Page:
Creating Shared Value
Harvard Business scholars Michael E. Porter and Mark R. Kramer , recently called companies to take the lead in bringing business and society back together. Their article, published in the Harvard Business Review [Jan 2011], states that most companies have outdated views of “social responsibility” in which societal issues are peripheral, and not core. They declare that true change lies in “shared value” which they define as finding ways of achieving economic success through addressing social needs and challenges. Rather than social responsibility, philanthropy or sustainability, which share marginal focus in business planning, shared value lies at the core of the business model. This entails policies and practices which enhance the competetiveness of a company while also advancing economic and social wellbeing of the community in which it operates.
In the business sector, value principles, in terms of benefit relative to cost, are understood well and measured via profit margins. However value is not traditionally measured well in terms of societal issues. Socially responsible behaviour is often termed a constraint to a corporation, causing a rise in costs and a reduction in profits. Necessary costs, such as tax offsets, regulations or penalties, counteract negative social costs caused by businesses and thus, solving social problems has then been ceded to governments and NGOs. Corporate social responsibility programs have largely emerged to improve firms reputations and are considered a necessary expense. On the other hand, in the social sector, thinking of societal value in terms of cost is even more uncommon. Social organisations and governments tend to think more in terms of benefits achieved and how to access donations , rather than than thinking more like businesses in relation to value terms. Consequently, an uneasy relationship between the two sectors has existed for decades.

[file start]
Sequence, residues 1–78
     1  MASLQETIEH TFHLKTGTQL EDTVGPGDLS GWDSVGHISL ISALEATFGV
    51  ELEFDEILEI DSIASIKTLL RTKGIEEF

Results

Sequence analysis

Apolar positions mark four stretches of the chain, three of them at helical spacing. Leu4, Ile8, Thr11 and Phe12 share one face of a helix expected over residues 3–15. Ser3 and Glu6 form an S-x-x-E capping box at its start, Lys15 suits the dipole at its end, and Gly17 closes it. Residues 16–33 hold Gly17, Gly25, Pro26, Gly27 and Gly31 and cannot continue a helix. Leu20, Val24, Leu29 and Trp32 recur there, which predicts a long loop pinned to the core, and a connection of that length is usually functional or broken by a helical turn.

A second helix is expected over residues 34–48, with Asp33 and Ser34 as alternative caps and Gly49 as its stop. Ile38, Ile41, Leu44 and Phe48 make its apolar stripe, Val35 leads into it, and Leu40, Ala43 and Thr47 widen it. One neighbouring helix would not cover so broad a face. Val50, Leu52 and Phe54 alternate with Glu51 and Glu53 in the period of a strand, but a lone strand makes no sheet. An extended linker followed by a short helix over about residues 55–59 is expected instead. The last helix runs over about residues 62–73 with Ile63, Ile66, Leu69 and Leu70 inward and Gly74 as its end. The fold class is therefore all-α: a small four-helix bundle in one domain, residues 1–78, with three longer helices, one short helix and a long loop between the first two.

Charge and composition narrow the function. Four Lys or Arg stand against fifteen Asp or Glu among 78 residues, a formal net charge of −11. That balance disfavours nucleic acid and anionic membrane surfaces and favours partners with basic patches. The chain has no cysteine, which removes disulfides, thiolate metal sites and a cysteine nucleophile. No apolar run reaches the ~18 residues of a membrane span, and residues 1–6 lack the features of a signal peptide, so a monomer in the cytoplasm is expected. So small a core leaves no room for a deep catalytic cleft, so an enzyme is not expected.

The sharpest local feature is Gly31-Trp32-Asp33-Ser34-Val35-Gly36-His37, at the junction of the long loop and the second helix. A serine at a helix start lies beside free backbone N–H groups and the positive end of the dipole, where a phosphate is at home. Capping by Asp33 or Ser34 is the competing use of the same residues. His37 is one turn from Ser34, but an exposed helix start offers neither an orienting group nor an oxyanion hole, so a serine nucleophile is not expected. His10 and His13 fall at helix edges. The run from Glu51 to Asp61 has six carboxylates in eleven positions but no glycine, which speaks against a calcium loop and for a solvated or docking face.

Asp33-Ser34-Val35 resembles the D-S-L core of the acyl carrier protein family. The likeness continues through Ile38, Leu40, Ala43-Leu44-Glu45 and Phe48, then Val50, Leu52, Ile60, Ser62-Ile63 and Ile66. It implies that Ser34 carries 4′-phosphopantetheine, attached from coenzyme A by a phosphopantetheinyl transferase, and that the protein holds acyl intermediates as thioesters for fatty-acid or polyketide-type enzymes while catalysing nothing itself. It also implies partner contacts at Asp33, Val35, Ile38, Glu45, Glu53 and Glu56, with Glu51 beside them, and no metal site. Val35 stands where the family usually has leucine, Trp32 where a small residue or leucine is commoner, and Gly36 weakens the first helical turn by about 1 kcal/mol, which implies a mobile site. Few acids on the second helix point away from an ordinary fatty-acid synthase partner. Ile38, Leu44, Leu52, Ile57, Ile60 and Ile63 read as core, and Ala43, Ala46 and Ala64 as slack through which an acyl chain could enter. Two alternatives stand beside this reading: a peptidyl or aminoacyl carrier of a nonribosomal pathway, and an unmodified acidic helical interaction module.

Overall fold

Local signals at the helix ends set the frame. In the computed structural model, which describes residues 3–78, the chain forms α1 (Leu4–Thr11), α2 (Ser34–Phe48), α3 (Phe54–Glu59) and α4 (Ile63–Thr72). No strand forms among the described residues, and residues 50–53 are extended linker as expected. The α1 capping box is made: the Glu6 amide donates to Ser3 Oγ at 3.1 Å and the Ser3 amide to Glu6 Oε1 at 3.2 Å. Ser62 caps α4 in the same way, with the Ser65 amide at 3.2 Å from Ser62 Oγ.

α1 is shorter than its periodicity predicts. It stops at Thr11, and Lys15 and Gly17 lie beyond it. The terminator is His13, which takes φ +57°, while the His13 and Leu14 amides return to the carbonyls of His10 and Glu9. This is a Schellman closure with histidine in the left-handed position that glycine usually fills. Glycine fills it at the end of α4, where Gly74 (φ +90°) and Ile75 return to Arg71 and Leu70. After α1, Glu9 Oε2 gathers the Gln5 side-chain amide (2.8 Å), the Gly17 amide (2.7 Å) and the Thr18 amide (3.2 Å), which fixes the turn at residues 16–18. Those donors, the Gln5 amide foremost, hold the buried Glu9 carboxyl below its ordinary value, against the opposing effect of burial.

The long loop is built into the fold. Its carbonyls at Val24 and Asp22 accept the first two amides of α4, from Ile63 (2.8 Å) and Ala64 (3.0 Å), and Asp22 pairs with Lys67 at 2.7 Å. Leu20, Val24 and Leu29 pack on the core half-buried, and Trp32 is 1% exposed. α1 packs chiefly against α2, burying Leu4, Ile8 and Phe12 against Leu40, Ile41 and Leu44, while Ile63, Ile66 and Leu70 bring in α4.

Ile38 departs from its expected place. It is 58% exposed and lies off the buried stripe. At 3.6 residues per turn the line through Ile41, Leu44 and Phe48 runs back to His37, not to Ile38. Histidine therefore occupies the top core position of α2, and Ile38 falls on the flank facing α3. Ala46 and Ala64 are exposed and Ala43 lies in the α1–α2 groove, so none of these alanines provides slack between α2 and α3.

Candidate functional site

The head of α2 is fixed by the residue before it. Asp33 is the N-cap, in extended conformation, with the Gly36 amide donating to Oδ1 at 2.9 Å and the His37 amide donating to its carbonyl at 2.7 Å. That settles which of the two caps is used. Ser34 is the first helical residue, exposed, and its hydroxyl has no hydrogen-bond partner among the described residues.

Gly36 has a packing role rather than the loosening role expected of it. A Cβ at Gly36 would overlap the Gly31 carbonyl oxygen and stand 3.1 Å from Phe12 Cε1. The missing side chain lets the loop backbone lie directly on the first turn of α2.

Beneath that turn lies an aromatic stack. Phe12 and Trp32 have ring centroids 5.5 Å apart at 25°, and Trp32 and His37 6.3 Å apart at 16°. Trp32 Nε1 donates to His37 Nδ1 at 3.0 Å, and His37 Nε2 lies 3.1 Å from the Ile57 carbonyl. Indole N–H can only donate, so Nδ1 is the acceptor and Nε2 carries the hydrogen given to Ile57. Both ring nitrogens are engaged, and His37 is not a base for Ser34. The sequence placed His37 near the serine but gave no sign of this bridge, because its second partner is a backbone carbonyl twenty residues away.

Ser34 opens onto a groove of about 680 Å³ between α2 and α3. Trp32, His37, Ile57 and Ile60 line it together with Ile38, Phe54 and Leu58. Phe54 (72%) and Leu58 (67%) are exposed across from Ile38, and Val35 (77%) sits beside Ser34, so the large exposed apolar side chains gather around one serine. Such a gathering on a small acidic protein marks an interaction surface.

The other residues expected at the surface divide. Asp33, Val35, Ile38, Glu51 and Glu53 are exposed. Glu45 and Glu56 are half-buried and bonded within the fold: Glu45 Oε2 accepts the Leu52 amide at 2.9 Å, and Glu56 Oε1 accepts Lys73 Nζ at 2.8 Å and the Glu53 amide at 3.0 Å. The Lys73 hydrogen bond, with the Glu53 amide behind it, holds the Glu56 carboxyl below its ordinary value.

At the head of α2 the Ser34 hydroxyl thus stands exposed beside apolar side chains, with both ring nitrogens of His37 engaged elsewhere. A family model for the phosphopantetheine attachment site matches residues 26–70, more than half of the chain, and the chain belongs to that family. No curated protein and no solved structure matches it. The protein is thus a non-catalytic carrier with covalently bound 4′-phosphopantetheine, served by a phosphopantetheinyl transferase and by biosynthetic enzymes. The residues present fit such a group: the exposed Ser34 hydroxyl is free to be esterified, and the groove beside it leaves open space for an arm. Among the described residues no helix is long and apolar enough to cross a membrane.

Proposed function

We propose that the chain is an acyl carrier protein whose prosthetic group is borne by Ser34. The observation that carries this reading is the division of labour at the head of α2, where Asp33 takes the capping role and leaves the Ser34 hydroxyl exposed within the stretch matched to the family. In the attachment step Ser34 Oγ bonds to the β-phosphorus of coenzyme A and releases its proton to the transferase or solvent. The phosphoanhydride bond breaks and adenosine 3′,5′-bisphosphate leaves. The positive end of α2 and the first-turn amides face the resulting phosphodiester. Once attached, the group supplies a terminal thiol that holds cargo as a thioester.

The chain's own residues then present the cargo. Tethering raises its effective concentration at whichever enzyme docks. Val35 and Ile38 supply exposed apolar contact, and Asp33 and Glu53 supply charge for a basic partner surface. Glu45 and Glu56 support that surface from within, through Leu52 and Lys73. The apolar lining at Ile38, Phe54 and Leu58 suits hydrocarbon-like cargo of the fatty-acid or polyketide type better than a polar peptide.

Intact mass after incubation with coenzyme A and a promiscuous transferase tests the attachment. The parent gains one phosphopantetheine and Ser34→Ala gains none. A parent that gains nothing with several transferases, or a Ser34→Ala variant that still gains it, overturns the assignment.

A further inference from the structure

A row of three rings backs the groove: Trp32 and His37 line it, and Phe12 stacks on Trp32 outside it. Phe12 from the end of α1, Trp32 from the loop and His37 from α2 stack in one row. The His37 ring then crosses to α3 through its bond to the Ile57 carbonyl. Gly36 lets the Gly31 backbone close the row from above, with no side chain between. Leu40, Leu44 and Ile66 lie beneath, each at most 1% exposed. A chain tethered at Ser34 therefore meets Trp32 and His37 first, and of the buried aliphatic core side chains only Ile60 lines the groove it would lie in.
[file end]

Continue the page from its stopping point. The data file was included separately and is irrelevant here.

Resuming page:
Shifting thinking of both parties to the notion of shared value should grow interest in collaboration between the two sectors. Porter and Kramer write, “Business acting as businesses, not as charitable donors, are the most powerful force for addressing the pressing issues we face.” They foresee that creating shared value, not just profit, will drive the next wave of innovation, productivity and growth in the global economy. The notion of shared value, recognises that social needs, not just economic needs define and drive markets. Moreover, social harms or weaknesses frequently create internal costs for firms. Firms need not necessarily suffer higher costs by moving to a more impactful business model, but can innovate through new technologies and operating methods and management approaches, increasing productivity and expanding their market. Porter and Kramer admit that true recognition of the power of shared value is yet to be developed, and requires leaders and managers to develop new skills and knowledge, and an ability to collaborate acorss the profit/ non-profit boundaries.
If your company is interested in connecting with local NFPs and social enterprises, or would like to engage young leaders in professional development programs to benefit your firm, please contact Resonate for more information about our services.
The Resonate Team